Posted : 2009-01-01 14:54
Updated : 2009-01-01 14:54

N. Korea Vows to Rebuild Economy in New Year Message

North Korea said Thursday that it will rebuild its ailing economy and aim for denuclearization in the New Year, in an apparent signal of its willingness to start afresh with the United States.

In a joint newspaper editorial that summed up policy goals for 2009, Pyongyang continued criticism of Seoul but made no hostile mention of Washington, just three weeks before the inauguration of a new U.S. administration, according to Yonhap News.

"The independent foreign policy of our Republic to denuclearize the Korean Peninsula and defend the peace and security of Northeast Asia and the rest of the world is demonstrating its validity more fully as the days go by," said the editorial jointly issued by the North's ruling party, army and youth military.

Pyongyang sees the inauguration of U.S. President-elect Barack Obama on Jan. 20 as an opportunity to start afresh after eight years of largely sour relations with the outgoing Bush administration.

Six-party talks aimed at denuclearizing North Korea are on hold until Obama takes office. Washington removed Pyongyang from its terrorism blacklist as the talks proceeded in 2008, but the latest round ended without progress in December.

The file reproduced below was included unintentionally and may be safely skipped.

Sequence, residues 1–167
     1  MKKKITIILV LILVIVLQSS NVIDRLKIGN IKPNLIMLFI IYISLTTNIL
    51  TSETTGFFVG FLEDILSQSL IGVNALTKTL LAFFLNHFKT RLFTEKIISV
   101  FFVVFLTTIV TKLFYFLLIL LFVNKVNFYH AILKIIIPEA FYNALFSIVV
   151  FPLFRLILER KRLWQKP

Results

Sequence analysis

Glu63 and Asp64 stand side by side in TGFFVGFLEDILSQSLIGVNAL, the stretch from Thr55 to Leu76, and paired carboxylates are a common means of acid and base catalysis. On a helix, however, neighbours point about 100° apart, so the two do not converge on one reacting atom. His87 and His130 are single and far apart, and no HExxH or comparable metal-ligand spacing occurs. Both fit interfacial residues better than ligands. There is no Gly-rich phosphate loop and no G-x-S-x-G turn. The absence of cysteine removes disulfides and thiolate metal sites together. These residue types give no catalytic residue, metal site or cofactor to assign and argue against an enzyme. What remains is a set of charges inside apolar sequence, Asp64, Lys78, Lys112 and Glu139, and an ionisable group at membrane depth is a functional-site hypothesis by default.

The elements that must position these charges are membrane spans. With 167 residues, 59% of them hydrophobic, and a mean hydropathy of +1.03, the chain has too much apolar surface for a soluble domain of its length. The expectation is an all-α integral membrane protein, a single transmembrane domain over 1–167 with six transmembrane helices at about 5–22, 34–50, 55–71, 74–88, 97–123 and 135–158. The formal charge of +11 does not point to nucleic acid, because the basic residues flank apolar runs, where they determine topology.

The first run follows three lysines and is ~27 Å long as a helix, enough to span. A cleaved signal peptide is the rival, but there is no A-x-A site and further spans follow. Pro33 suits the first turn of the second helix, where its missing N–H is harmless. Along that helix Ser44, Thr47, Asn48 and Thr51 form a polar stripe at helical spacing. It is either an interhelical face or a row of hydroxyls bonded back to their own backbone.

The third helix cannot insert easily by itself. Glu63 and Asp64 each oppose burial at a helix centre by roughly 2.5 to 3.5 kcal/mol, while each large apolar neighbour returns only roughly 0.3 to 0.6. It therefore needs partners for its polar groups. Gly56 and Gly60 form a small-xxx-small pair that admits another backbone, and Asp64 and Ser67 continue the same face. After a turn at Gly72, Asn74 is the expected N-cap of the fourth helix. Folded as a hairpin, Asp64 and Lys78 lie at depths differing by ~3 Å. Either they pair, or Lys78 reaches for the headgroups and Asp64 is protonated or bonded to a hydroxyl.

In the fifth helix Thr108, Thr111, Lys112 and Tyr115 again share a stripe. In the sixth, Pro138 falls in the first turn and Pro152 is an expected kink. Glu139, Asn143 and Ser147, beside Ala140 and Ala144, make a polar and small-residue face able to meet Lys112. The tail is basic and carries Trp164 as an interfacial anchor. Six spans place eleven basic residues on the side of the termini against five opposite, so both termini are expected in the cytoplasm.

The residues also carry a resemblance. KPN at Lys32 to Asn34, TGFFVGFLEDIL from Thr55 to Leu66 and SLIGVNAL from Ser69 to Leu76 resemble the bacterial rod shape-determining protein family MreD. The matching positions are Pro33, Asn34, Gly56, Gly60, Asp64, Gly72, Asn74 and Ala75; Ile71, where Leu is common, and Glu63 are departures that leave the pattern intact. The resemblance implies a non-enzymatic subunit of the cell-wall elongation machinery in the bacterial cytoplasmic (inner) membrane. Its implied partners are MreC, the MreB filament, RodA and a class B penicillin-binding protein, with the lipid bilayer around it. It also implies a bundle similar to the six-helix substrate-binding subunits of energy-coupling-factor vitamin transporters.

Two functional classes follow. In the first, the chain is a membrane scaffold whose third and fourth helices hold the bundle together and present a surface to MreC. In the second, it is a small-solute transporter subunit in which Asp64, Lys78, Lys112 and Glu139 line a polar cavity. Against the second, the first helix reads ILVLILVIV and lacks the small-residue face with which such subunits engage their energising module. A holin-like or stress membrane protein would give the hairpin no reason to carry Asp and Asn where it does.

In an apparent gesture to the U.S., the editorial said North Korea "will develop relations with the countries friendly toward us."

It also eschewed Pyongyang's customary accusations of joint military exercises by South Korea and the U.S.

"Different from joint editorials of previous years, it did not throw any criticism against the United States while mentioning the realization of a denuclearized Korean Peninsula," Seoul's Unification Ministry said in a statement.

Pyongyang will continue to uphold its military-first policy, but this year's statement showed an increased focus on the economy _ particularly on feeding its people.

North Korea's harvest slightly increased in 2008, but the U.N. World Food Program says nearly a quarter of its population of 23 million still needs outside food aid.

"To relieve scarcity of food is a pressing problem," the editorial said. "We should concentrate all efforts on hitting this year's target of grain production with the extraordinary determination to solve food problems by our own efforts under any circumstances."

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